In his day-dreams, my father saw himself as a jazz pianist, poet or, possibly a writer. Life didn’t turn out quite like that… but I appreciate my many memories of his piano paying, and his quite extensive jazz LP collection.
After church my father played,
melancholic melodies piano-made,
audience-empty suburban sitting room,
far from drink, dance and smoky fume
of New Orleans honky-tonk bars:
hear V8 growl, see tail-finned cars.
Father rarely jammed with others,
lone-jived, no band of brothers;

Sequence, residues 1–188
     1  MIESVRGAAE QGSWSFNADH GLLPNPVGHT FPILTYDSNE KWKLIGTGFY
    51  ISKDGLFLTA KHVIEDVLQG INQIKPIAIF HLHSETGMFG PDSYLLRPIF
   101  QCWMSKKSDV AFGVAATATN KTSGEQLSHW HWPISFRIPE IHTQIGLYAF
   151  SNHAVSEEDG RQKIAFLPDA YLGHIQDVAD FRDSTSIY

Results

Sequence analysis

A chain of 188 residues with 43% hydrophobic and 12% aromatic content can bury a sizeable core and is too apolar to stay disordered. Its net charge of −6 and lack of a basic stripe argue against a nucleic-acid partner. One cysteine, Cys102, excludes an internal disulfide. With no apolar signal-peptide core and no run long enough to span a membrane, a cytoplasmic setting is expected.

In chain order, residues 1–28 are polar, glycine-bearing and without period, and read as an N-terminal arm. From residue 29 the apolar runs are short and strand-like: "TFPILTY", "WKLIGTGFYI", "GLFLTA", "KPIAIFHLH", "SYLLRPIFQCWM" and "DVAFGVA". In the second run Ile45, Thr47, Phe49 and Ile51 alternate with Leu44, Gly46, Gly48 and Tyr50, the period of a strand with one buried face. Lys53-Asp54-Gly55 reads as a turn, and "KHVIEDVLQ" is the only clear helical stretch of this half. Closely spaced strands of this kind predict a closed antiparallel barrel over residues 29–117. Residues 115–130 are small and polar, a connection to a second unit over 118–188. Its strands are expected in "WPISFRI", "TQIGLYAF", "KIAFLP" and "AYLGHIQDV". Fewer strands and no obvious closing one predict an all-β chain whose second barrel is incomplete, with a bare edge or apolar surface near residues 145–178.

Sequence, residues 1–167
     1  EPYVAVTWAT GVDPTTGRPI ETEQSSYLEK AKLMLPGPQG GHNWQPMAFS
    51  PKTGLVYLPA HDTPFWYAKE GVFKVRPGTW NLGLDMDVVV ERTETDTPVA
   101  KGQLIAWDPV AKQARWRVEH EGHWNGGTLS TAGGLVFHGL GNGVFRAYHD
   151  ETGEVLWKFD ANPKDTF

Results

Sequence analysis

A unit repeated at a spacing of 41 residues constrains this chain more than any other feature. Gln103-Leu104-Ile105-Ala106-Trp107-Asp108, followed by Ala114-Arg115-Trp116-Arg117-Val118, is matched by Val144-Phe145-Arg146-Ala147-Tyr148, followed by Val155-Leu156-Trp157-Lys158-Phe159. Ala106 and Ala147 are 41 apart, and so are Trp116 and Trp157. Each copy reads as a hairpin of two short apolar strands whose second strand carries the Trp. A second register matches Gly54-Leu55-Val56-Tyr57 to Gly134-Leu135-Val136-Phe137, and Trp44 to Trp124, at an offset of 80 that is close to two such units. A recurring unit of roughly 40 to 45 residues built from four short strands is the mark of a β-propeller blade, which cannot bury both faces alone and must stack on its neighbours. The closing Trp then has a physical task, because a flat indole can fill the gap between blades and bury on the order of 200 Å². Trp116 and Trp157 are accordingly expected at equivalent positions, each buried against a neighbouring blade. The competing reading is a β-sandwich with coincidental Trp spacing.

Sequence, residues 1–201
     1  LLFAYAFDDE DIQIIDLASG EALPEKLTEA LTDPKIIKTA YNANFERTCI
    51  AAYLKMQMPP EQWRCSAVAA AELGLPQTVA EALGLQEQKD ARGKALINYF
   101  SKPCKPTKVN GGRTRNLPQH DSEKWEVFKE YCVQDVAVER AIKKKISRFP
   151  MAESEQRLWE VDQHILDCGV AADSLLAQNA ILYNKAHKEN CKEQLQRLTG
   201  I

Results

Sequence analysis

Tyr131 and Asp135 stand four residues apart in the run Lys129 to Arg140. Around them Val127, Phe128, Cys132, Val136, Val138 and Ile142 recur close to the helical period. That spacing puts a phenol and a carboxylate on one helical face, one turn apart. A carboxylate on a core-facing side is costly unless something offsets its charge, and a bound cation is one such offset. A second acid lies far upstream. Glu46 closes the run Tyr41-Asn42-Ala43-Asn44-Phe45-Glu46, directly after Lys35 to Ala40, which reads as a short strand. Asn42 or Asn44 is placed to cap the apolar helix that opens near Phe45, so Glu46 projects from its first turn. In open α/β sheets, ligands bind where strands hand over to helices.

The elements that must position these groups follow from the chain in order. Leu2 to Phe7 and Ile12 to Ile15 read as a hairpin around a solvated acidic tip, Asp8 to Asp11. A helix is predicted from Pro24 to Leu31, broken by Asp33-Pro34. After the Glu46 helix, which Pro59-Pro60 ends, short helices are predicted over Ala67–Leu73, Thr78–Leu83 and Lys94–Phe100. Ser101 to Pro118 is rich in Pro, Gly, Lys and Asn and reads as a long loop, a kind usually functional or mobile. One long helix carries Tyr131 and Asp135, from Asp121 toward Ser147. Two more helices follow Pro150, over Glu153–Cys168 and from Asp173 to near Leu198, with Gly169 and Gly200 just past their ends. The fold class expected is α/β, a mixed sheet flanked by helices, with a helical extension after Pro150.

tunes started off well, then stumbled:
over-complicated codas got jumbled,
lacking drum discipline, tight snare beat,
absent funky double-bass, incomplete.
A jazz pianist, poet or writer, in dreams:
boundaries smashed to smithereens;
unwanted the title, company director;
internal emigre, alter-ego defector
from consensus and conservative claims;
finally he fled family, set bridges aflame.
Now aged ninety, we’re reconciled,
sharp tongue recalled from when a child
– now lip bitten, sometimes silently grin
at fallible father – conflicted kith and kin;
upbeat dixieland tunes still fondly recalled
old stylus sometimes sticks, scratch stalled…
Piano blues track (with washboard percussion) recorded by my dad, circa 1944